I wonder if the dry transfers now sold by Warnick are those that Janice Bennett was handling.

Now I have to get the right dark green from Train Enamels.

I've reduced the 152 entirely to kit form and completed stripping the old paint.  Here is the kit ready for a new coat of paint.  


Here is another 152 that may actually be a 153.  It has a reverse unit.  According to my reference sources, the 153 differed from the 152 only in having the reverse switch.



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Looking great so far! if you don’t mind me asking, what did you use to strip the old paint? Whatever it is seems to work good.



Here's a photo of the stuff I use for paint stripping.  It's strong enough that I wear gloves, and I have pretty tough skin.  You apply, let it sit for 15 minutes or more and then wash off with soap.  That usually suffices for large smooth surfaces.  Repeated smaller applications are often necessary.


The next photo is my cleaning tool set.  The toothbrush is essential for getting into corners and under things like handrails.  My old King Kut knife (red knob) helps in corners where it's not likely to leave visible scratches.  The bamboo toothpick and Exacto knife are good for making custom scrapers for scraping around handrail posts, corners and other details.  The photo below shows the toothpick turned into a 1/32 thick scraper.  The bamboo is great for stiffness


My final step is sanding.  I use several grits from coarse to fine in succession finishing with 3000 Emery paper.  I'll leave a coarser finish in hard or reach places that aren't likely to affect the overall appearance.  Many minor defects that I can see at six inches won't affect the appearance of the final paint job from two feet away.  The first roof photo is finished with the 3000 emery paper.  There are a few dents that I'll use to experiment with Bondo.  The underside of the roof I shows the scratches from 600 grit paper.


The last two photos show that I've left some roughness in places that are almost impossible to do finely.  I don't think they'll be noticeable after I've shined the brass handrail post and put the handrails back.



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Interesting process, I sometimes use vinegar when doing a restoration and also use a toothbrush to scrub off hard to reach paint, but I was wondering what other people use because sometimes the paint just will not come off. Did you have to do any work on the motor?



LOL did I have to do anything to the motor ? !!!Definition of miracle - 100 yr old tinplate motor that doesn't need work.  I could write a book, Prewar Tinplate Motors in my Life

My apologies to trainfam - not making fun of you, but there is no short answer to that question.  It's actually very interesting.  Tomorrow (or the next day) I'll take some more photos and write about the details.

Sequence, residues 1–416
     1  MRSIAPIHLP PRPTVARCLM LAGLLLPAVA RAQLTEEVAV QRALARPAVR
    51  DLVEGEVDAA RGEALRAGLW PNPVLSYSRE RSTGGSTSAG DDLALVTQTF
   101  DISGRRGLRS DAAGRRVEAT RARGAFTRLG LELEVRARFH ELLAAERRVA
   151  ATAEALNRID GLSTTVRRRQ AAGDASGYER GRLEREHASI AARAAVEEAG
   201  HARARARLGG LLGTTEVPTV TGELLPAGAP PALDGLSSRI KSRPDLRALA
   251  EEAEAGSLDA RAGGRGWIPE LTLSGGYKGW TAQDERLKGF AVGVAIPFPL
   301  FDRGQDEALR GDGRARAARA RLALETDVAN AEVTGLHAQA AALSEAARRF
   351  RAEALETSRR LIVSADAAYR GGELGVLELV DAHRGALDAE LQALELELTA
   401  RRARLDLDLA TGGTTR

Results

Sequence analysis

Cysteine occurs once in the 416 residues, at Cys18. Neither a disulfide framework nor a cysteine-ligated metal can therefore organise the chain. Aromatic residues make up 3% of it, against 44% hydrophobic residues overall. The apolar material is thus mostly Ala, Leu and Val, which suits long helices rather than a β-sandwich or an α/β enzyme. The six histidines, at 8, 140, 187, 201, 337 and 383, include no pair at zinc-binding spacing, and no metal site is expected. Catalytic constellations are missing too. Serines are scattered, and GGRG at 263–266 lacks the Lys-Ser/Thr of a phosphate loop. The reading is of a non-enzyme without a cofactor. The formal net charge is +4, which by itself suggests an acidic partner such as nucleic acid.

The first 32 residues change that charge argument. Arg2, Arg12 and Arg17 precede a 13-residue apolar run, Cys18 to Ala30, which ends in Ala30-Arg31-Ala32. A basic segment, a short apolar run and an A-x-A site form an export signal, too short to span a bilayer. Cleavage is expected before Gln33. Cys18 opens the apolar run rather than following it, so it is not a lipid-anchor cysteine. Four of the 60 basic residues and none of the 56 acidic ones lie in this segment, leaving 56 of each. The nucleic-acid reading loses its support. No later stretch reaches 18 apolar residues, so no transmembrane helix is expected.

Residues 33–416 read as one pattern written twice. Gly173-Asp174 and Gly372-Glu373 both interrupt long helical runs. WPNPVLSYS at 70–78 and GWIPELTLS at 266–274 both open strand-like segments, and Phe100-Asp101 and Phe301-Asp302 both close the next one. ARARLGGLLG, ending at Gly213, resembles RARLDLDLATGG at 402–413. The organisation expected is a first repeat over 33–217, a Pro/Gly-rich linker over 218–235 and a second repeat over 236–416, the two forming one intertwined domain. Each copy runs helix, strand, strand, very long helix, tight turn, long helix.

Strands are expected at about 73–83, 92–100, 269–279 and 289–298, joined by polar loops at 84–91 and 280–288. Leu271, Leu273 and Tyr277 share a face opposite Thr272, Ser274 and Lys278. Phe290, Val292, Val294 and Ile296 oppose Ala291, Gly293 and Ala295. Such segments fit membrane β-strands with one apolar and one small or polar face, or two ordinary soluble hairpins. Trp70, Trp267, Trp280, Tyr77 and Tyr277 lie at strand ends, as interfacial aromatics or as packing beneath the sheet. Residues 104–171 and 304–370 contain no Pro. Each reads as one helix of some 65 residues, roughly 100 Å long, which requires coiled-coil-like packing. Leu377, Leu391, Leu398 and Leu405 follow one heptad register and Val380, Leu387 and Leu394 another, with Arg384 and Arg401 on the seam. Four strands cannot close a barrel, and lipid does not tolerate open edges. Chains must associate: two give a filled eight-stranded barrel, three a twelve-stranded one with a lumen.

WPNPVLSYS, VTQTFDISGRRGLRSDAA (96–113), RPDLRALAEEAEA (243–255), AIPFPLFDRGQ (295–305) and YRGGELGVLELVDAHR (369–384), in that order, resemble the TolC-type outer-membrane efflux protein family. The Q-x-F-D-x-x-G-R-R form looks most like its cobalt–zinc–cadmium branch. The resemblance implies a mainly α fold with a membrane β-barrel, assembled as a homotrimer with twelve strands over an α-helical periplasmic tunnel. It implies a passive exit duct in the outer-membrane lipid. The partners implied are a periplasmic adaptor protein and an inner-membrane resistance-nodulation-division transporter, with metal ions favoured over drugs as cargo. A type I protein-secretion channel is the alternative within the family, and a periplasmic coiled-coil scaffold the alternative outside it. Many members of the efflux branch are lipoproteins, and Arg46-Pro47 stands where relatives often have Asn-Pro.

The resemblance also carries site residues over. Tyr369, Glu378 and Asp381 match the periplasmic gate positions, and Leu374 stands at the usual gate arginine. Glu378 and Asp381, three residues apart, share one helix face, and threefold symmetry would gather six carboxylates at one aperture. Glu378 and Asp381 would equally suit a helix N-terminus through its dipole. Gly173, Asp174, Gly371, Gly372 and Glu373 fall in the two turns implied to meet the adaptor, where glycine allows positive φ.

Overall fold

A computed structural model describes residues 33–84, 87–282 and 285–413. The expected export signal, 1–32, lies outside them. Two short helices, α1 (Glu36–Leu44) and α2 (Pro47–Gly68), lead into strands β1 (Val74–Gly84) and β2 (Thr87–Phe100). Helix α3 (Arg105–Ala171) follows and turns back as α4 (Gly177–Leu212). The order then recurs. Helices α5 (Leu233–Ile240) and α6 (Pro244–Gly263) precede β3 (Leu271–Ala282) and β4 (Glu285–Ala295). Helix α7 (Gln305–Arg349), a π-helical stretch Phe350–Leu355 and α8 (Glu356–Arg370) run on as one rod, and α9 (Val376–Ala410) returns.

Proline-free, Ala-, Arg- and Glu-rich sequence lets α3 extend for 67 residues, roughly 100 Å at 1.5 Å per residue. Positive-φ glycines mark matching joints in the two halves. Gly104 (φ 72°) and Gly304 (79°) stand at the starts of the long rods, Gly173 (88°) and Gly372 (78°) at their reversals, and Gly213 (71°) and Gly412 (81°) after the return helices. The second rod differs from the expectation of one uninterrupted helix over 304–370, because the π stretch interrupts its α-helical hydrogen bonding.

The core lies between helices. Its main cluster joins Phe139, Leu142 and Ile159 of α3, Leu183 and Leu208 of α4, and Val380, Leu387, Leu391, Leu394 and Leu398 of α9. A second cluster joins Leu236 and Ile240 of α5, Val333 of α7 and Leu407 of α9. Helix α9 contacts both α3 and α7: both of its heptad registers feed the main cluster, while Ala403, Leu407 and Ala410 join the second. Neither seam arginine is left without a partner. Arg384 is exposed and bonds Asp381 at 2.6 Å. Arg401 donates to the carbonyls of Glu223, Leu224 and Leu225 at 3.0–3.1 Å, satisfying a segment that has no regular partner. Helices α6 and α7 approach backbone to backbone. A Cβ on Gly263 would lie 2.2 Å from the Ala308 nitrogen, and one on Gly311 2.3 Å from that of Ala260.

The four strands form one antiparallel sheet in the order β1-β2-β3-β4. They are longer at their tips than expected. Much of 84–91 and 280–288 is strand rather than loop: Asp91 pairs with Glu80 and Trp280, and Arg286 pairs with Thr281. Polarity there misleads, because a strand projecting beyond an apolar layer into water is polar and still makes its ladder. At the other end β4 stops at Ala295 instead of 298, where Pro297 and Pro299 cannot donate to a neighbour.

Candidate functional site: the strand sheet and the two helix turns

For now, the short answer is that any time I get a prewar motor the first thing I do is take it apart for cleaning and to fix whatever is wrong with it.

Hehehe, it’s ok, I’ve been there before too. Right now I’ve got a number five with almost everything wrong with it including the motor. Every time I try to work on it something different goes wrong. Makes my head want to blow up like an atom bomb! But I am looking forward to seeing your updates.



I've taken to boiling parts in an old crock pot with a bit of Arm & Hammer detergent added to the water.  It makes very short work of old Lionel paint and just about any other paint.  Even removed the stubborn MTH paint used on new MTH tinplate...

Dennis I tried the Ultracleaner and that worked well on Lionels prewar paint and did not even remove the MTH pain only grassed it and it was in the solution for over a week. Question, how much Arm and Hammer do use for a gallon of water?

Getting back to the motor.  didn't mean to blow off TF's question, but I keep diverting myself from one project to another.

I have yet to find a motor of that age that doesn't need some work.  fortunately most of them are simple electrically.  There is almost always wiring that needs new insulation.   Here are a few examples.  On the left is the 152 motor that started this conversation. 



The pendulum reverse unit has the flaking rubber insulation that is typical of these units.  The headlight tab shows the a wire after I stripped the insulation. 

e3         e6

It and those stripped wires next to it are from a 253 that I'm stripping to sell for parts.  The 253 motor will have a complete set of original wires.  On the right is a 153 motor.  Obviously it's been rewired.  I'll replace that colored wire with black that looks more like the original.

For replacing insulation, I use these fabric sleeves that I buy from Dr. tinker.  It's easy to slip them over the old wire, as I'm doing in the photo.


When I'm doing a restoration, I try to use only original parts, and that includes the wire.

Another typical problem is a break in the wire connecting the field to the brush holder.  Here you can see that I've used a new piece of wire for the brush connection (looks new but it is black).  After soldering, I'll cover it with a small piece of electrical tape.  The second photo shows that same wire where I had to unwind it a bit from the field to strip and get an end that would hold solder and have a good mechanical attachment.


On most motors, I will take off the brush holder to check brushes and armature.  On this one, the armature looks pretty good, but I'll polish the brushes to be sure that the carbon buildup isn't slowing down the motor.


And that pretty much sums up what is needed to get the motors running.  Dealing with the reverse switch or pendulum reverse units is a story for another time

Malcolm Laughlin